Twitter Hits Trump With New Warning Over Tweet “Glorifying Violence”

Twitter LogoLate last night, Twitter doubled down on its controversial labeling of tweets from President Donald Trump to flag what it views as misleading or offensive material.  Yesterday, I wrote a column on Twitter’s policy and a second column on President Trump’s response with an executive order. I have strongly opposed Twitter’s policy on censoring and labeling material, including the decision to correct a tweet from the President on the political debate over main-in voting. Undeterred, Twitter has issued a new warning that a tweet from the President on the rioting in Minneapolis was a violation of its rule for “glorifying violence.” Twitter is now making the case for government action to monitor and control social media.  The loser will ultimately be free speech.

Around midnight, President Trump responded to the images of looting and rioting with a tweet that demanded action from the Governor and said that, if there is no action, “we will assume control.” He then added “when the looting starts, the shooting starts. Thank you!”

Twitter appended a message to a Trump tweet about civil unrest saying it violated policies covering violence

Last night, I criticized the tweets as inflammatory and unhelpful. However, that does not justify what Twitter has done.  The company slapped on a warning that that the tweet “violates our policies regarding the glorification of violence based on the historical context of the last line, its connection to violence, and the risk it could inspire similar actions today.”  It said that it “has determined that it may be in the public’s interest for the tweet to remain accessible.”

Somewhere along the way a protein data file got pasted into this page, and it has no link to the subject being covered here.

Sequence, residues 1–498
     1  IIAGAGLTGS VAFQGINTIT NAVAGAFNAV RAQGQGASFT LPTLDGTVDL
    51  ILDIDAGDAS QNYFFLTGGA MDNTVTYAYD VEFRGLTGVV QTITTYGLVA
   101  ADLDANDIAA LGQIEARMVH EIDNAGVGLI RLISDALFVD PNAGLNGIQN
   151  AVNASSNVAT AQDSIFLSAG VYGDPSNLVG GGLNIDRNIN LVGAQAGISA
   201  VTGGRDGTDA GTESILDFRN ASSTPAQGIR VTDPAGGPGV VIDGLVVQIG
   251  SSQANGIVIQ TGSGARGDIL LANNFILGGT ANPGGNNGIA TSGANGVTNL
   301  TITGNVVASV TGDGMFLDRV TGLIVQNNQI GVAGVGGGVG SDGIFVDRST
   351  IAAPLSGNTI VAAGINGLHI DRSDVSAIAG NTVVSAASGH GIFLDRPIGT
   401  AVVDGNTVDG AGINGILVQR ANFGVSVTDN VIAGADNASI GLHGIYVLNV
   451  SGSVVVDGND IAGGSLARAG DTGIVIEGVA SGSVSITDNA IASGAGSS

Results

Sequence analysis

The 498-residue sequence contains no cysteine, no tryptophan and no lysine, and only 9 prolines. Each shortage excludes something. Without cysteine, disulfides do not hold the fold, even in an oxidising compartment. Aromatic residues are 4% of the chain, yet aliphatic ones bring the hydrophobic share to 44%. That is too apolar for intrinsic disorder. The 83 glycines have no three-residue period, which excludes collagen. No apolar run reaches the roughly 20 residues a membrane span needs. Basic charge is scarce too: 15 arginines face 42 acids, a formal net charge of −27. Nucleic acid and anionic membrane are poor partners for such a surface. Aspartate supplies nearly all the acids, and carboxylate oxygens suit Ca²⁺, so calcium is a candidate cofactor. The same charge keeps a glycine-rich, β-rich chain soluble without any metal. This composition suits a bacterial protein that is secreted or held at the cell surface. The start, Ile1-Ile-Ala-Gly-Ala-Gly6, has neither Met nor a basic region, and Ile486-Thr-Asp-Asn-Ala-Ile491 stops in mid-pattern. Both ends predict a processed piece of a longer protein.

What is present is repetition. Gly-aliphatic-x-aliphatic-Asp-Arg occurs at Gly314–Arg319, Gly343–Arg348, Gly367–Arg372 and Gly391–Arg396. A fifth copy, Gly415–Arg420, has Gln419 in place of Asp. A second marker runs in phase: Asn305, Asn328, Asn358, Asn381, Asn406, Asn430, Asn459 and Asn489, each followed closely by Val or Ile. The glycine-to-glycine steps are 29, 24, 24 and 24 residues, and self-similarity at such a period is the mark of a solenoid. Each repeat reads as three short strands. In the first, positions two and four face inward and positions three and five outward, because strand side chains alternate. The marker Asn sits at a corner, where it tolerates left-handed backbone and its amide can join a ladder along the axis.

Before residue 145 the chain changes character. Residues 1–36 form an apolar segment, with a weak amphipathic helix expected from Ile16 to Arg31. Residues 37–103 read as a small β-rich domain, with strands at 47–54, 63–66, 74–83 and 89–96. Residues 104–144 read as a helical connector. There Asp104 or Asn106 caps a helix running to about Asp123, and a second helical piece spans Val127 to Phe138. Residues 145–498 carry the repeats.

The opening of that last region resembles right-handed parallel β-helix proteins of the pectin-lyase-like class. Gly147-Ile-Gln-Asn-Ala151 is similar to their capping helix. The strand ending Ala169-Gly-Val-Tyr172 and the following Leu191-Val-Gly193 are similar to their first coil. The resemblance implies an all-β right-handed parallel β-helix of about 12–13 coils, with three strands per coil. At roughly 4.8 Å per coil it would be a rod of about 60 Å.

Any of Trump’s roughly 80 million followers could still view the tweet if they clicked on “view.”  However, due to the action by Twitter, users cannot “like” or retweet the President’s comments.

Twitter could not be doing more to highlight the threat to free speech in first targeting a political tweet on main-voting and then targeting a second tweet under the ambiguous standard of  “glorifying violence.”  Let’s unpack its message and its meaning.

First, calling for tough law enforcement is a quintessential political statement.  My objections was not that it glorified violence but that it was an irresponsible escalation of the rhetoric when Minneapolis police were struggling with a very dangerous and volatile situation.

Second, “glorifying violence” could be a standard used to curtail everything from War and Peace to Looney Tune cartoons.  It is an arbitrary standard that invites biased enforcement.  For example, Kathy Griffin ( the comedian responsible for the infamous severed Trump head picture) called out to her followers that Trump should be stabbed with a “syringe with nothing but air inside it.” Such reckless and inflammatory speech is all-too-common in today’s politics.  I have been hit with violent threats on every social media platform, including people calling for me to be physically attacked on Twitter. That was not flagged or deemed “glorifying violence.” The fact is that I would oppose the censoring or labeling of those comments against me because I remain a firm believer that good speech will prevail over bad speech.  It is more important to me to preserve Twitter and other platforms as a forum for free speech.

Third, where Trump escalated the rhetoric, Twitter has escalated its controls.  As discussed in the columns, Democratic leaders have called for years for Twitter and other companies to crackdown on political speech deemed misleading or false.  It is now plunging headlong into private censorship and speech regulation. This is wrong and a threat to free speech. As a private entity, Twitter falls below the radar of the First Amendment. However, it can cause irreparable damage to free speech by limiting expression for hundreds of millions of users.